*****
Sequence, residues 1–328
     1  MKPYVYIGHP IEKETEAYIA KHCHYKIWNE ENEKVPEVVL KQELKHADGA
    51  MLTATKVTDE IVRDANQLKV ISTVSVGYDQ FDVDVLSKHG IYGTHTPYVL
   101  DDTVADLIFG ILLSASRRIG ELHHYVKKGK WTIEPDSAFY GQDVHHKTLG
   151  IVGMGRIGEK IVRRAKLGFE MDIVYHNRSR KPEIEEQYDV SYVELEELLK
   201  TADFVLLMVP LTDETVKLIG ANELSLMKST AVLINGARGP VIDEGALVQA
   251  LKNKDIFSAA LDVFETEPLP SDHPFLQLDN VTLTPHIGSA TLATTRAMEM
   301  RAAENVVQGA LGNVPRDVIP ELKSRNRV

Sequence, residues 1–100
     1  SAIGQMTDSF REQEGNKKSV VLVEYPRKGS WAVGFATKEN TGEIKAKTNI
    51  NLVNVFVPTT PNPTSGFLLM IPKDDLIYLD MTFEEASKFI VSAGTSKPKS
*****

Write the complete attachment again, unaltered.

Sequence, residues 1–328
     1  MKPYVYIGHP IEKETEAYIA KHCHYKIWNE ENEKVPEVVL KQELKHADGA
    51  MLTATKVTDE IVRDANQLKV ISTVSVGYDQ FDVDVLSKHG IYGTHTPYVL
   101  DDTVADLIFG ILLSASRRIG ELHHYVKKGK WTIEPDSAFY GQDVHHKTLG
   151  IVGMGRIGEK IVRRAKLGFE MDIVYHNRSR KPEIEEQYDV SYVELEELLK
   201  TADFVLLMVP LTDETVKLIG ANELSLMKST AVLINGARGP VIDEGALVQA
   251  LKNKDIFSAA LDVFETEPLP SDHPFLQLDN VTLTPHIGSA TLATTRAMEM
   301  RAAENVVQGA LGNVPRDVIP ELKSRNRV

Sequence, residues 1–100
     1  SAIGQMTDSF REQEGNKKSV VLVEYPRKGS WAVGFATKEN TGEIKAKTNI
    51  NLVNVFVPTT PNPTSGFLLM IPKDDLIYLD MTFEEASKFI VSAGTSKPKS